A young Ottawa watering hole has recently expanded its service repertoire.

“It just needed to be done,” said Dana Coopey, owner of O-Town Cocktails and Billiards, 128 S. Main St., Ottawa. “We are two years into the bar-life atmosphere, and it was time to get into the kitchen. There was a definite need downtown for a burger and fries place.”

Coopey’s bar will now be known as “O-Town Cocktails, Burgers and Billiards,” he said, with the addition of a full diner menu to the establishment’s drink offerings. O-Town recently began serving burgers and related fare on an unofficial basis, Coopey said.

“We’ve had a soft opening for a couple of weeks now,” he said. “We’ve had a very good reaction from our customer base.”

The expansion has made a repeat customer out of Richard Buchanan, Neosho County Community College information technology professional.

“I can recommend everything,” Buchanan said Wednesday. “The fries are the bomb.”

Dustin, another patron, was swept away by the food.

“Their first week open, I think I ate a whole pound of burgers,” he said. “I’ve brought my co-workers here to celebrate. It’s a good place. Plus they’ve got pinball. There’s definitely some great burgers, and good all around food.”

The restaurant’s experimental menu includes appetizers, a selection of chicken entrees, and a set of classic burger-and-fries iterations.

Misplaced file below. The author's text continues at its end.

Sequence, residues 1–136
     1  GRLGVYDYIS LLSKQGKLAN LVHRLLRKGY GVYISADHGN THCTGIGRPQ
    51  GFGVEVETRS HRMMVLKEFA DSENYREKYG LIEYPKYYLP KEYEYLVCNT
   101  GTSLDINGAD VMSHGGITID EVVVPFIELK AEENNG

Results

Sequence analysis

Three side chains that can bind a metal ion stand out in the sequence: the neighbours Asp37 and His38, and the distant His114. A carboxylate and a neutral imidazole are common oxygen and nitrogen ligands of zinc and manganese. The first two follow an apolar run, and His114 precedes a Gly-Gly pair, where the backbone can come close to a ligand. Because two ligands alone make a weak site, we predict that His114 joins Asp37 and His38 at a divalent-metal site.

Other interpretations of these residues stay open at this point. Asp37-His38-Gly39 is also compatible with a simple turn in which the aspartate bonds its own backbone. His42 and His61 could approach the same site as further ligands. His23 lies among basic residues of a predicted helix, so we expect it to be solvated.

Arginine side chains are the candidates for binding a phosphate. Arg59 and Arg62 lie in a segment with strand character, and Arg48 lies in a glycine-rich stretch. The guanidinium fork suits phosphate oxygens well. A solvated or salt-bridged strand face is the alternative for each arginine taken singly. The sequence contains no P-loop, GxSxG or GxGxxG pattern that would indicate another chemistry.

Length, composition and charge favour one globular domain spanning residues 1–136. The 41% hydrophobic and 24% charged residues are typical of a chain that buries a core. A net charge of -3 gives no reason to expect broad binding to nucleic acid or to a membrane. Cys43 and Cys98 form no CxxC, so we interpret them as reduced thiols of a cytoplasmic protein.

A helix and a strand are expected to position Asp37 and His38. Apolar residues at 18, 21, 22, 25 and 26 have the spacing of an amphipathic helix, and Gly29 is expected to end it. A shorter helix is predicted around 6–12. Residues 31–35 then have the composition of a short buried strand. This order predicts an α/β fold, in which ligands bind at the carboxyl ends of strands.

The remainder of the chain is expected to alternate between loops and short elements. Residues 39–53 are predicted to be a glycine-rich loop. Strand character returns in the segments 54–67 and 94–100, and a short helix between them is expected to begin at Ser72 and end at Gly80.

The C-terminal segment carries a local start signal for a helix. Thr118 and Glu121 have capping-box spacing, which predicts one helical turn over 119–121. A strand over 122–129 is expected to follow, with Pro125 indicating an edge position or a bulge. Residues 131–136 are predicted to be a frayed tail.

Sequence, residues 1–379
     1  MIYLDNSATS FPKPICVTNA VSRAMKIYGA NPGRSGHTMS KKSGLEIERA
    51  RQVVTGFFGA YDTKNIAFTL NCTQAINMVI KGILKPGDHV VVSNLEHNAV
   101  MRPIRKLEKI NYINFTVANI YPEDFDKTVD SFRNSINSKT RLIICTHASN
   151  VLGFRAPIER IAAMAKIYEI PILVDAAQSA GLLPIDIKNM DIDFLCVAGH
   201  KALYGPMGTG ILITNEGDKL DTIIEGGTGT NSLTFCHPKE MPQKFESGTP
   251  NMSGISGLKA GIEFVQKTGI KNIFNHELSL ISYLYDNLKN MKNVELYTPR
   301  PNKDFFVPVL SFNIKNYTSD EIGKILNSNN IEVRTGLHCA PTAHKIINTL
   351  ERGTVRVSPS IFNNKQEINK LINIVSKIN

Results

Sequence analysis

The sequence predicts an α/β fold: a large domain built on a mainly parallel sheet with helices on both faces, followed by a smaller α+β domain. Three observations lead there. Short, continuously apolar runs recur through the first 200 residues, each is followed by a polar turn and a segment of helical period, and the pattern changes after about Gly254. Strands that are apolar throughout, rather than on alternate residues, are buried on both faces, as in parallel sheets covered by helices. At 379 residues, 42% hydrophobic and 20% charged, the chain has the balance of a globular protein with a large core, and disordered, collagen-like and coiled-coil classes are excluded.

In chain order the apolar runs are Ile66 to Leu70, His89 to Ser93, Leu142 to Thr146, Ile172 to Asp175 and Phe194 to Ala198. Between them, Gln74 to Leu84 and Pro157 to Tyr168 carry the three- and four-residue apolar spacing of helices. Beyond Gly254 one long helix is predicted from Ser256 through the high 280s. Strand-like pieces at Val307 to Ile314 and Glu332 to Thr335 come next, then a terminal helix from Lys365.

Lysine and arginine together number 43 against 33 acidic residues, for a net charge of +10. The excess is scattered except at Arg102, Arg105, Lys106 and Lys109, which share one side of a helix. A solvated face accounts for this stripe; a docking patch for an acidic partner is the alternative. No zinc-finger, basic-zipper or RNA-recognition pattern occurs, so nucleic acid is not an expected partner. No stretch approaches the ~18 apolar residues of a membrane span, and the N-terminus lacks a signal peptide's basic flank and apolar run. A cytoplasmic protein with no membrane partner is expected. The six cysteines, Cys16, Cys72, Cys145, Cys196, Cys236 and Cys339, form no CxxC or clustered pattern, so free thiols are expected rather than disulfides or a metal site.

“We are going to be doing burgers and fries, BLTs, chicken sandwiches and tenders, tenderloins and pork fritters,” Coopey said. “We’ve got a temporary menu right now, but it’s actually a pretty nice temporary menu.”

After solidifying an evening menu based on customer feedback, Coopey has plans to expand into lunch territory.

“We plan to open for lunch and introduce a bigger menu,” Coopey said. “We’ll probably open for lunch within the next 30 days. We plan to change our hours to include 11 a.m. til 1:30 p.m. for lunch.”

The process of restaurant expansion isn’t new for Coopey, he said.

“It’s been a simple process,” Coopey said. “We’ve done it for about 14 years now, since 2004, and so we’ve already been through the growing pains. We owned a diner in Baldwin, and that experience helped out tremendously as well.”

Coopey also hopes to coalesce changes to his restaurant’s infrastructure with the Onward Ottawa board’s plan to create a covered pedestrian plaza at First and Walnut streets.

“Our next phase will be when Onward Ottawa gets through with their construction out back [behind O-Town],” Coopey said. “We’ll be building a deck in the empty lot beside us, which we own.

“We also hope to be using fresh produce off the farmer’s market at that point.”